July 27, 2017

In criminal law and traffic cases, when a Court finds a person guilty of an offence, it must impose a penalty for the crime. An important part of this process is character references. A good character reference can often persuade the Court to impose a less severe penalty on the accused person, so it’s a good idea to know what’s involved.

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What is a character reference?

A character reference is a letter written about the accused by someone they know well. The person who writes the reference is known as a “referee”.

Character references are used to mitigate, or reduce, the possible penalty that may be handed down to the accused person.

There are a number of ways to mitigate the penalty that will be imposed by the Court. An accused (often through their lawyer) can provide medical reports that explain the accused’s actions or circumstances. They may call witnesses to attest to the accused’s lifestyle. For example, if an accused is guilty of a driving offence, witnesses may give evidence about how loss of licence would cause severe disruption to the accused’s life and family.  The Court will often accept letters from character referees instead of hearing evidence from them.

Mitigation is an accepted and important part of the sentencing process and the Court expects an accused (or their lawyer) to make submissions in mitigation. Some people take the view that because they are guilty of committing the crime, they should also just accept whatever punishment the Court imposes. But this can make the punishment unnecessarily harsh, especially because the Court has an expectation that there will be submissions in mitigation.

Who should provide a character reference?

In essence, a character reference is a letter to the Court from someone who knows the accused very well. It doesn’t have to be a person who has an important job or is held in high regard by society (for example, a priest, politician or football player). The referee could be someone who has known the accused for a long time or someone who has had a lot of contact with the accused over a much shorter period, for example:

  • An employer.
  • A fellow worker.
  • A friend.
  • Someone who can talk about the accused’s community service.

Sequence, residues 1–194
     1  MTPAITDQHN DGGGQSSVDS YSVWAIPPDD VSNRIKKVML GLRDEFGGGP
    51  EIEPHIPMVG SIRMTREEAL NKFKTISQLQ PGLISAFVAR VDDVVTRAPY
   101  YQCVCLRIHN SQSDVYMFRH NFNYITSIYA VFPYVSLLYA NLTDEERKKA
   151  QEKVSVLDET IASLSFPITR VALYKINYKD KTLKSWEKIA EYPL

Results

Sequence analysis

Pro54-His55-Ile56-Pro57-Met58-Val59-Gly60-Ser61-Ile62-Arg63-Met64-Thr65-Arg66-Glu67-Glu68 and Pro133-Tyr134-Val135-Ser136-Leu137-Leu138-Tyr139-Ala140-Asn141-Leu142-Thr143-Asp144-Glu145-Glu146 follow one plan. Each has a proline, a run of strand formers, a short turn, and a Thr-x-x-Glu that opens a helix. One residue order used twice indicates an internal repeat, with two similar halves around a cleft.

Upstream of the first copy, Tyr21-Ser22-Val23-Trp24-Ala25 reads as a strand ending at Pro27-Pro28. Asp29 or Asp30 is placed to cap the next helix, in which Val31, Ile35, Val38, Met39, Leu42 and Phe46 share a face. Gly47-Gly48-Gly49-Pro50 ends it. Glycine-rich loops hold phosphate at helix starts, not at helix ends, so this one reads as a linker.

What is important is that the person can tell the Court about the accused – what they’re like as a person, how they contribute to society, the difficulties that the accused and/or their loved ones will face if a harsh penalty is imposed. This gives the Court a sense of what kind of person they are.

It is up to the accused to ask people they know provide them with character references. This means that the referees must write a letter to the Court. Often, it is easier for people to agree if they have information about what to include in a reference and have some guidance about how to set out the letter. Further information can be accessed by clicking here for criminal offences, and by clicking here for traffic offences.

What it should say

There are a number of things that should be included in a character reference, including:

  • The referee’s name, job and any qualifications.
  • How long the referee has known the accused and how they know each other.
  • The charges against the accused.
  • Whether they believe the accused is sorry for the offending why they believe this.
  • Whether they believe the accused’s actions were out of character and if so, why.
  • Whether the accused contributes to the community, for example by volunteering.
  • Whether the accused was experiencing hardship at the time of the incident and whether they are likely to suffer hardship if a severe penalty is imposed.
  • Which of the accused’s personal qualities the referee likes or admires.
  • For traffic offences, discuss how a loss of licence might impact upon the accused.

For more detailed information, click here for criminal offences and click here for traffic offences.

How to set out the letter

Character references shouldn’t be lengthy but must include all the relevant information and should be properly addressed to the Court. They should also include the referee’s name and contact details. It is also important that the letter is dated.

We provide a useful template for setting out a character reference, which is available to anyone. To access the templates, click here for criminal offences and click here for traffic offences.

When facing a penalty for a criminal or traffic offence, a character reference is an important part of the sentencing process that can often help to reduce the severity of a penalty. Even though it might appear to be a minor detail, it is a significant and powerful aspect of mitigation.

If you have been charged with a criminal or traffic offence, contact us today for a free first interview. Because the sooner you act, often the better off you’ll be.